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The Wingspan

The official student news site of Norristown Area High School

The Wingspan

The official student news site of Norristown Area High School

The Wingspan

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We Must Choose People, Not Politics, in the Palestine-Israel War

Abigail Carsner

With war now ravaging the Gaza Strip and much of western Isreal due to the ongoing conflict between Hamas and the Jewish State, political tension has been on the rise, sprouting discourse between people who pick either of the sides or simply don’t side with one at all. 

It feels almost like a cultural taboo to speak about it, as people who voice their opinions publicly have lost their jobs like the 76rs basketball reporter or Artforum magazine editor-in-chief both of whom advocated for a cease-fire while aligning more towards Palestinians. Although those in support of Israel also receive much backlash. However, the situation does not just affect those within the media; recently, the presidents of Harvard and Penn both resigned due to pressures regarding the war and antisemitism found on their campus.

In light of a protest in support of a Palestinian state, antisemitic acts, and remarks on school grounds, Ivy League school presidents were called to testify before U.S. Congress. Much was said throughout the 5 hour-long hearing, but the final nail in the coffin, came when Havard’s previous president stated that “Depending on the context.” calling for the genocide of Jews did not necessarily violate the school’s rules and may not be punishable. 

 Trying to tip-toe through the minefield of a situation only ends up putting you in the crosshairs of one of the sides. Former presidents of both Harvard and Penn tried to stay as neutral as possible, openly condemning the hate speech and attacks against Jewish people and students on campus while maneuvering around questions directed at Pro-Palestinians, but it all came crashing down anyway.

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If it’s wrong to be in support of either Palestine or Israel and potentially lose your job because of it, what can one do?

 First of all, a major issue that has been prevalent throughout this global conflict is that some people undermine or simply don’t understand that the civilians who live under the rule of a country or militant organization do not always stand for the beliefs or ideals of those in power. Someone can be in support of Palestinians without applauding the acts of Hamas. People can retaliate against the bombardment of the Gaza Strip but still be in defense of Israelis and Jewish people.

On the other hand, the senseless defacing of Jewish-owned businesses like a Falafel shop or an after-school center does anything but progress the movement advocating for peace between nations. These protests should not have sparked a Congressional hearing. Part of the reason Palestinian supporters are being branded as antisemitic is because of these antisemitic actions. Attacking a religion, and the people of that religion, because of the actions of a country is nonsensical and is counter-productive to those hoping to liberate Palestinians.

The reaches of this issue even knock on the doors of NAHS.  Students and teachers alike have opinions about this conflict; however, many did not want to go on record to discuss this topic.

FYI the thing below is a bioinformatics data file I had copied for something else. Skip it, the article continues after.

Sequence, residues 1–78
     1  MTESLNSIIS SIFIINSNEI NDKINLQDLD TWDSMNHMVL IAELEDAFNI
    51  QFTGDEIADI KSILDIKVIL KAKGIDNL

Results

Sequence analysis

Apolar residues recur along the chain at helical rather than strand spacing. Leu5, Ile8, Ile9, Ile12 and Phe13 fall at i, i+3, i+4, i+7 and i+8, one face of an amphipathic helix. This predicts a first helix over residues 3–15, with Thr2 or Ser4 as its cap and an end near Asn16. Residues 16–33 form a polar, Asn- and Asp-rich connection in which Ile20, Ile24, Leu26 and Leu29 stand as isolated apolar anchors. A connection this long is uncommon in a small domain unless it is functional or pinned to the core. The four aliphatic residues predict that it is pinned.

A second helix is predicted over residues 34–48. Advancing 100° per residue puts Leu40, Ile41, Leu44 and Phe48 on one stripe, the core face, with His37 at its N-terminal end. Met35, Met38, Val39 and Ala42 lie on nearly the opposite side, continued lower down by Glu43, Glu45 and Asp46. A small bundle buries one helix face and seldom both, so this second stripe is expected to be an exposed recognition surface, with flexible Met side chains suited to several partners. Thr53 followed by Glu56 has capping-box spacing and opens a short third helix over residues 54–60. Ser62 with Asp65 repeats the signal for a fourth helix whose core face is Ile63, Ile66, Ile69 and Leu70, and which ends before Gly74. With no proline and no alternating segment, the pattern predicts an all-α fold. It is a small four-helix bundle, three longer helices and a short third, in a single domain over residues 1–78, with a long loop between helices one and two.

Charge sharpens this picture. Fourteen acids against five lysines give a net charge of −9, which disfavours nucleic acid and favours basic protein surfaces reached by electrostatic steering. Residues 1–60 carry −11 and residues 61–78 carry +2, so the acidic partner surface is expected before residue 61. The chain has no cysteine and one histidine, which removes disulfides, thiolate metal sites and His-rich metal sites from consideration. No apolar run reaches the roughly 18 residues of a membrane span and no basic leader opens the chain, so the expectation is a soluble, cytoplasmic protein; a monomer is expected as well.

One student was willing to go on record. Ghita Hameddine, emphasized how “dystopian” it all feels, “When I talk to people, it’s like we’re not all living in the same world,” said Hameddine. “We’re not all superheroes, we can’t just end the war. We can take certain steps to support one another, [even] just spreading awareness helps.” 

Hameddine determined that part of the tension comes from people who avoid the topic altogether, “If it doesn’t concern them, they don’t care-and I get that-but at the same time, where is our empathy, our passion for dying people?” She paused. “There is a crisis going on, and it feels like we aren’t doing anything about it.”  

The students and faculty of Norristown must embrace our core values and recognize we are part of the larger community” and  “diversity is a valued strength to be affirmed and celebrated”.  We must be able to have civil and meaningful discussions where we learn from each other, disagree, and choose to make a meaningful difference that doesn’t harm other people.  We do not need to agree, but we do need to show respect.  

We can take the side of both, both bodies of people who are suffering, who are and were persecuted. The backing of Palestinians should not be considered a blanket statement that commends the murder of innocent civilians by Hamas; reinforcing the defense of Israelis and Jews should not translate to praise of Israel’s bombings in Gaza. Ultimately, regardless of what “side” you are on, we can all be on the side of humanity.

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About the Contributors
Zach Zanders
Zach Zanders, Staff Writer
Zach is very interested in traveling the world, seeing new places, and meeting new people. He wants to become a movie director after high school and pursue his dream of writing fiction stories. 2022 is Zach's very first year on the Wingspan.
Abigail Carsner
Abigail Carsner, Graphics Editor
Abigail has always had a talent for writing. From a young age, Abigail could write like there was no tomorrow. She loves it. This is her second year on the Wingspan. She is a fan of film, art, literature, and music. She enjoys writing music-related articles, either it being about a certain genre or music news. Abigail also likes to write creative works, play guitar, and draw. When she is older, Abigail either wants to be a musician or a writer.

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